Hal is a loving husband and father. He shows Lois affection through raw animalistic passion and utter dependence. He even admits to it, once telling Lois that he and their boys are not smart enough to function without her, and in return can only offer his total obedience.

He takes a much calmer, more sympathetic approach to parenting than Lois. She has a short fuse, at the end of which is a barrel of dynamite eager to ground someone for the rest of their life. Hal, conversely, seizes any opportunity to bond with his boys by having a sit-down and doling out fatherly words of wisdom.

(Photo Credit: 20th Century Fox)

He’s far more lenient, but will raise his voice and put his foot down when necessary. He’s often creative in his punishments. For example, when Malcolm told him “[bleep] you,” Hal sat him down in the backyard and forced him to look him in the eyes and read aloud a comprehensive list of every vile swear words, teaching him their power.

His biggest strength, however, is his laid-back, often immature attitude. It serves as a refreshing palate cleanser for Lois’ incessant shouting. He is truly the yin to her yang.


He’s more permissive than his wife. In one episode, Hal surprises the boys by letting them skip school to accompany him at some stock car races.

Hal’s lax approach to parenting is, regrettably, his biggest weakness. His spontaneity and often childish behavior sets a bad example for his sons. Case in point: the steamroller. After winning some money on a scratch-off, Hal secretly rents a steamroller.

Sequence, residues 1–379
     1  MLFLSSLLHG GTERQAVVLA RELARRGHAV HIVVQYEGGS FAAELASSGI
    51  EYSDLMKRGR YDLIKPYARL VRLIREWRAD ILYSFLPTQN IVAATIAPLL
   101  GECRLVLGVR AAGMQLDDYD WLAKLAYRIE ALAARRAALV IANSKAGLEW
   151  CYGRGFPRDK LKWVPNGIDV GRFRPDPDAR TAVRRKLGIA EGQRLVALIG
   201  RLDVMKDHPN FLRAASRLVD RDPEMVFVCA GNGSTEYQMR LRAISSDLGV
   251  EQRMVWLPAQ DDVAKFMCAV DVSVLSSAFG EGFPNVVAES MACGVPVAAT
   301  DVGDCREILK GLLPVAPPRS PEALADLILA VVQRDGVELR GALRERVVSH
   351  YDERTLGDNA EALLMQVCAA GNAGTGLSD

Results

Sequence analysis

(Photo Credit: 20th Century Fox)

When Dewey catches him, Hal agrees to let him steamroll over Reese’s bike. Ultimately, Hal goes mad with power and Dewey must talk him down from steamrolling a row of cars. Surely this gave Dewey license to misbehave in the future. His impulsive nature is typically harmless, but still sets precedent for the delinquency of his kids.


Despite shortcomings at the cost of his need to be the parent his sons actually like, Hal is a great father. Sure, all four of his sons are rambunctious hellions, disobedient and destructive at every turn, but that’s predominantly the result of their stubborn, temperamental mother. He’s a big-hearted working stiff, determined to provide for his family however dysfunctional they may be.


Dancing Dad Embarrasses Daughter at Baseball Game [VIDEO]

Being a dad involves a lot of anxiety, drudgery, and stress. Sometimes you get to enjoy the perks of parenting, like embarrassing your children on television. Or in the stands at a Cubs game.

Or both!

This dad knows what’s up. He ignores his daughter’s attempts to get him to stop dancing and then doubles down on the silly moves.

Father Figures: Be Positive

“My twin girls (Faye and Felicia) are both autistic.

Felicia was diagnosed before she was three; she’s non verbal and loves life in her own wee bubble. Once she lets you in, it’s amazing. That’s her circle of trust.

Faye is her total opposite, always singing and chatting up a storm. Once they started preschool, we found out that Faye was showing signs of autism that we perhaps overlooked because she was so advanced.